Fitting the growing geriatric population’s complex and chronic healthcare needs into today’s fragmented health system is like putting a round peg into a square hole, many suggest.
Among those looking for better geriatric care solutions — University of Pennsylvania nurses Mary Naylor, PhD, RN, FAAN, and Nancy A. Hodgson, PhD, RN, FAAN, who chaired a think tank called Assuring High Value Care for Vulnerable Older Adults and their Caregivers: Maximizing the Contributions of Nurses.
An invitation-only list of health system leaders, policymakers, innovators, consumer advocates and scholars gathered at the meeting to recommend ways to improve the U.S. health system for older adults with complex chronic conditions.
The May 2018 meeting spawned actionable recommendations for transforming care delivery for the more than 40% of older Americans living with four or more chronic illnesses. The Gerontologist journal is expected to publish the meeting’s full report this fall.
Hodgson, the Anthony Buividas term chairwoman in gerontology at the University of Pennsylvania School of Nursing (Penn Nursing), shared important points for nurses — not only about the initiative, but also how its recommendations might impact the profession.
“We know that there are models of nursing care that would do well in terms of value to address chronically ill older adults,” Hodgson said.
But many are not yet scaled into routine practice.
This isn’t a nurse-only initiative. In fact, nurses represented only about a handful of those at the meeting, according to Hodgson.
“We were trying to see where nurses could be leveraged in this crisis,” she said. “We recognize that nurses are key members of interdisciplinary teams. But we felt there was a strong role that nurses could provide and, in the future, nurses could be leveraged as leaders because we have the skills to address this crisis. That’s really what we wanted to convene this group to think about.”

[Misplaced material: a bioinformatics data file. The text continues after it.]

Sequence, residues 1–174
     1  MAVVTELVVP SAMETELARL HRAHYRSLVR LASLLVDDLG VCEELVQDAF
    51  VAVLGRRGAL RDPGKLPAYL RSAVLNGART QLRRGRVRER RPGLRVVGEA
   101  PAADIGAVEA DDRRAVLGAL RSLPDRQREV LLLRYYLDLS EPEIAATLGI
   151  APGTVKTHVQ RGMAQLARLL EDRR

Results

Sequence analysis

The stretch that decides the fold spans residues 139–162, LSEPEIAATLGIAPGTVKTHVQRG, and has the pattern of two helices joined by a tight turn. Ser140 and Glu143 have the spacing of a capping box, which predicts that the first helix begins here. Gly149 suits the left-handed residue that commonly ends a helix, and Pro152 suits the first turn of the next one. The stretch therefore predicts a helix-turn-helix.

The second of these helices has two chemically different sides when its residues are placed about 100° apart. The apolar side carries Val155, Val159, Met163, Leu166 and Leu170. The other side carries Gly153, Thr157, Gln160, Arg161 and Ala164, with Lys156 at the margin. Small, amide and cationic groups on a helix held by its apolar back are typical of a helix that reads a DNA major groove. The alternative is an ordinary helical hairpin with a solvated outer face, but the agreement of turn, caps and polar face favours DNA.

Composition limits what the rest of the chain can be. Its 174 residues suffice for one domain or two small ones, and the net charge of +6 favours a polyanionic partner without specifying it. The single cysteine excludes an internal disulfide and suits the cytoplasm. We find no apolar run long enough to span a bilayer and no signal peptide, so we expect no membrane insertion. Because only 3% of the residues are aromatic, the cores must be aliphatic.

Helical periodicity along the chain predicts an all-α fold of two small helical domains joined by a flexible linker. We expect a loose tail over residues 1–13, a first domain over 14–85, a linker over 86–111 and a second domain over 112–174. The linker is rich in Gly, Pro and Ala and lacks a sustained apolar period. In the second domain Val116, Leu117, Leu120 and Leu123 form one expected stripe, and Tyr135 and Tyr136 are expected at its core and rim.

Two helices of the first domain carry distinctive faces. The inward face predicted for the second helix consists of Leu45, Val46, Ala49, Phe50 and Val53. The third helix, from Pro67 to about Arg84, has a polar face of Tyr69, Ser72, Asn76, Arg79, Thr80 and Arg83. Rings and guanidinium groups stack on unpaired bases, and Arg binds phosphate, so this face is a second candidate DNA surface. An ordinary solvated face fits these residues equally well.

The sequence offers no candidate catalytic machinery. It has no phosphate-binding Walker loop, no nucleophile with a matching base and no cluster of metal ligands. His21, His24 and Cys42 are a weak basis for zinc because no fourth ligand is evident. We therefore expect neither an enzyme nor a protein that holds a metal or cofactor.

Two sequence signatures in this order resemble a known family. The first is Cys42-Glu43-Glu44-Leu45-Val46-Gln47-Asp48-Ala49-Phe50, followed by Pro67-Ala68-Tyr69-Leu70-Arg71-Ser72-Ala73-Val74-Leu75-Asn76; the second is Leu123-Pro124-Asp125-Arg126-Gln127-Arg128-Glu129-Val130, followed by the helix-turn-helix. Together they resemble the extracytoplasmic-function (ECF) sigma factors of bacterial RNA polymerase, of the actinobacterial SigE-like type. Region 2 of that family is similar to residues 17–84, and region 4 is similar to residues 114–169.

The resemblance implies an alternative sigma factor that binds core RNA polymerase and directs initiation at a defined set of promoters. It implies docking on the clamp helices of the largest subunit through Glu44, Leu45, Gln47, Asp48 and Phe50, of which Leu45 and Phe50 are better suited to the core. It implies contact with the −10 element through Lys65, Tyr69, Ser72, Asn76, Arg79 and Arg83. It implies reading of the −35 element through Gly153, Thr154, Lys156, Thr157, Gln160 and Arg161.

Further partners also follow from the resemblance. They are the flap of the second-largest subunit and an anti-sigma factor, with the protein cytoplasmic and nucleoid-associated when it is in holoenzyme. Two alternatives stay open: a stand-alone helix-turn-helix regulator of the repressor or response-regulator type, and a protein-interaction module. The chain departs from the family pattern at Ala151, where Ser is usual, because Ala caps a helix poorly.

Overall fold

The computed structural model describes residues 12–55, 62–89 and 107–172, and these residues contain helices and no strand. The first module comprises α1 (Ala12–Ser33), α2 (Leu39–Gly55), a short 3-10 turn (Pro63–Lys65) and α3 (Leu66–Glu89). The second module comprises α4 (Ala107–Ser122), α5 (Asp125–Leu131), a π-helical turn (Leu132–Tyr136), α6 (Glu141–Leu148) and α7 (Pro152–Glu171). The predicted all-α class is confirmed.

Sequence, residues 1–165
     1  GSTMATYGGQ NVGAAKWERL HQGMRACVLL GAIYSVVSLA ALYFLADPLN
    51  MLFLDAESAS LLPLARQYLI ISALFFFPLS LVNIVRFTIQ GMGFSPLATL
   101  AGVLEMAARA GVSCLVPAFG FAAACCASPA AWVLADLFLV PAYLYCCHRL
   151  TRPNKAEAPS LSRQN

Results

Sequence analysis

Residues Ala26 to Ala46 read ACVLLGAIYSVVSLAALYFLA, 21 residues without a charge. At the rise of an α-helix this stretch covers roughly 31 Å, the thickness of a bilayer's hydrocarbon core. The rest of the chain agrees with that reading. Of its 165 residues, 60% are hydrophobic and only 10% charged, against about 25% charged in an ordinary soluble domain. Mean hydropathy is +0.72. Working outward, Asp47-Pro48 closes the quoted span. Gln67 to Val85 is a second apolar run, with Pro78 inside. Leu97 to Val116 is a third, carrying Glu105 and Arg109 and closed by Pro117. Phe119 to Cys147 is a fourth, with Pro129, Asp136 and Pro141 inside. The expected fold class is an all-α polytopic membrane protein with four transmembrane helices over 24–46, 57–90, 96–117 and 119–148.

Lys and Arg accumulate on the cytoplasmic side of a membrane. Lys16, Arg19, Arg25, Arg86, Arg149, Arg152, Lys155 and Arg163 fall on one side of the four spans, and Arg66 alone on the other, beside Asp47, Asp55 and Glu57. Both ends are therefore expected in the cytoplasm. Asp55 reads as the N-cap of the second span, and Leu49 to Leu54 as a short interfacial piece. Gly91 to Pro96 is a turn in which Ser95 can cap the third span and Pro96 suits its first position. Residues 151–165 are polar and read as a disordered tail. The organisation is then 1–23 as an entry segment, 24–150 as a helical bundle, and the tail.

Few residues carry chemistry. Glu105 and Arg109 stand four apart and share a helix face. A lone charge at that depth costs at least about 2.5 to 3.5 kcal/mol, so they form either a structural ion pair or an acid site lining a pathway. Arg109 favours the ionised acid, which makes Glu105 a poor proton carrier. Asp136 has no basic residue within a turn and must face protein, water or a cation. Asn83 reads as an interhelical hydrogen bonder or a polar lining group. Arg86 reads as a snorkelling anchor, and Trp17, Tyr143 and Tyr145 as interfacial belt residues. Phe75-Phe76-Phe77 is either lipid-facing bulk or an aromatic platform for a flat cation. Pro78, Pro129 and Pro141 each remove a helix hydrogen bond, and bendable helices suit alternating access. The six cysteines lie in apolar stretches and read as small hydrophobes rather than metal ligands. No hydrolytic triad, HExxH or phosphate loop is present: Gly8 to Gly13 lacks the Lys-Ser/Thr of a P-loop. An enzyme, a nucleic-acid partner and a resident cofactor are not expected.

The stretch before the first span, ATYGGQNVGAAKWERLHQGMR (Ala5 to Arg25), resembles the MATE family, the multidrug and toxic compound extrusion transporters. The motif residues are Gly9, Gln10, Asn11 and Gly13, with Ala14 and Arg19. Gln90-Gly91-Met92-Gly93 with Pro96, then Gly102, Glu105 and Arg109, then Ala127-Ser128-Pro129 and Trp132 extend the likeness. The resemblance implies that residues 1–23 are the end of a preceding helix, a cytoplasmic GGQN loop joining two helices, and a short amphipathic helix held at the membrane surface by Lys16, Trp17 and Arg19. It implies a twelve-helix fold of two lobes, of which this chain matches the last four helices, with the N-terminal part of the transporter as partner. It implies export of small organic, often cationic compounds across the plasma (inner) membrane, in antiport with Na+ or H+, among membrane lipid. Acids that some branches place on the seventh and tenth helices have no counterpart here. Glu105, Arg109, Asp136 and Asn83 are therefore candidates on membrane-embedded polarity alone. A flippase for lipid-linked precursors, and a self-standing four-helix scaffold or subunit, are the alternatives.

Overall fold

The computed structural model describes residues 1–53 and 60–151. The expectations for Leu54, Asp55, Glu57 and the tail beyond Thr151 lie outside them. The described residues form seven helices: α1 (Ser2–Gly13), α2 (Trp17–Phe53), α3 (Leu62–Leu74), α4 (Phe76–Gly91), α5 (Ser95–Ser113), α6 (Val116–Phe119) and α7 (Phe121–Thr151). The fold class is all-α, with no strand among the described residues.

Why geriatric care is a key healthcare issue
Aging patients’ increasing healthcare complexity is an important issue, Hodgson said.
“We know that the majority of older adults have at least one chronic condition,” she said. “Up to 40% have four or more chronic conditions, which adds to the complexity of care in the way they present complaints and symptoms. It also indicates that they’re probably on multiple medications and multiple treatment regimens that add to complexity. They’re being cared for increasingly by family members, who do not feel prepared to take on that complex care. And they encounter a very fragmented health system, so there is not communication across care providers. I think nurses are there to pick up the pieces. We’re there at every point of care for older adults.”
Among the geriatric care solutions to emerge from the meeting:
- Creating seamless electronic health record systems that could talk to multiple points of care. Although some health systems are beginning to move in this direction, the experts honed in on more extensive use of EHRs, with hospitals easily communicating to nursing homes and home care.